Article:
Hong Kong children happier, but less able to handle adversity, survey finds

Drop in ability to cope needs to be 'attended to', Lingnan University researcher says

PUBLISHED : Tuesday, 18 February, 2014, 5:11am
UPDATED : Tuesday, 18 February, 2014, 5:11am

Hong Kong children were happier last year despite a "worrying" decline in their ability to cope with the kind of adversity that might have led to suicides, researchers say.

The child happiness index, produced by Lingnan University, rose from 6.91 in 2012 to 7.23 last year. The index maximum is 10.

But a fall was seen in the scores for insight and fortitude - two of the four determinants of happiness. The other two are love and engagement.

Researchers said the decline in fortitude to 6.64 out of 10 from 7.10 was "worrying and should be attended to" as it showed children might not know how to deal with situations that did not meet their expectations.

Lead research professor Ho Lok-sang described the decline as "rather significant".

"There were several children who committed suicide last year, which showed that the resilience of some of our children is quite weak," he said.

"Parents should guide their children, starting from an early age, [on] how to deal with pressure, as it is a major source of unhappiness."

To test their fortitude, the children surveyed were asked to respond to statements such as "you have the courage to face difficulties" and "you won't give up easily once you have decided to do something".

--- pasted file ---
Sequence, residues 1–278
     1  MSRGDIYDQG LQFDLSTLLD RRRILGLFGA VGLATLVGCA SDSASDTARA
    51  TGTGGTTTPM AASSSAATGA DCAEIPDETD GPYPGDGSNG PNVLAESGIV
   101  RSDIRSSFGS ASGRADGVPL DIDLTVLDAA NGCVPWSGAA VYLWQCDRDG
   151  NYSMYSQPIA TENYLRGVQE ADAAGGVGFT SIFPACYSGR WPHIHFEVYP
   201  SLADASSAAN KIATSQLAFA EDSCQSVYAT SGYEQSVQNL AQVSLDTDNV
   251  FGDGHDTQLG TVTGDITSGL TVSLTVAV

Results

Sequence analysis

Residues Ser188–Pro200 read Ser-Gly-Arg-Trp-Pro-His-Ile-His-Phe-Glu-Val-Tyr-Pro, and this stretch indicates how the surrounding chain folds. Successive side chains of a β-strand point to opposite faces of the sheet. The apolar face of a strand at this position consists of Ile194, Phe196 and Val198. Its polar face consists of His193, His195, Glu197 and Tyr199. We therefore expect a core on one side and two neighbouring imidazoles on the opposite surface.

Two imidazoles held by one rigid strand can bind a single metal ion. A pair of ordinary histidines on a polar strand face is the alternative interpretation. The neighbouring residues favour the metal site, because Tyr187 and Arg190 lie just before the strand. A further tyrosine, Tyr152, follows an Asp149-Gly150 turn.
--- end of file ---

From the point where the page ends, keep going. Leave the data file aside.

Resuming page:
To test their insight - an ability not to keep comparing themselves with others and learn from mistakes - they were asked to respond to statements such as "we don't need to be better than others, but need to try our best".

The insight score dropped from 6.37 in 2012 to 6.19.

The study - commissioned by the Early Childhood Development Research Foundation for the second year - surveyed 1,119 children aged eight to 17 from eight primary schools and 12 secondary schools from September to October 2013.

The survey also discovered that children from poorer families tend to be unhappier.

"When children want to take part in some extra-curricular activities but their parents do not have enough money to support them and ask them not to do that, there may be some conflicts within the family, thus making children unhappy," Ho said.

The study also found that pressure that was generated from their schoolwork and from their participating in extra-curricular activities also poses a significant adverse impact on children's happiness.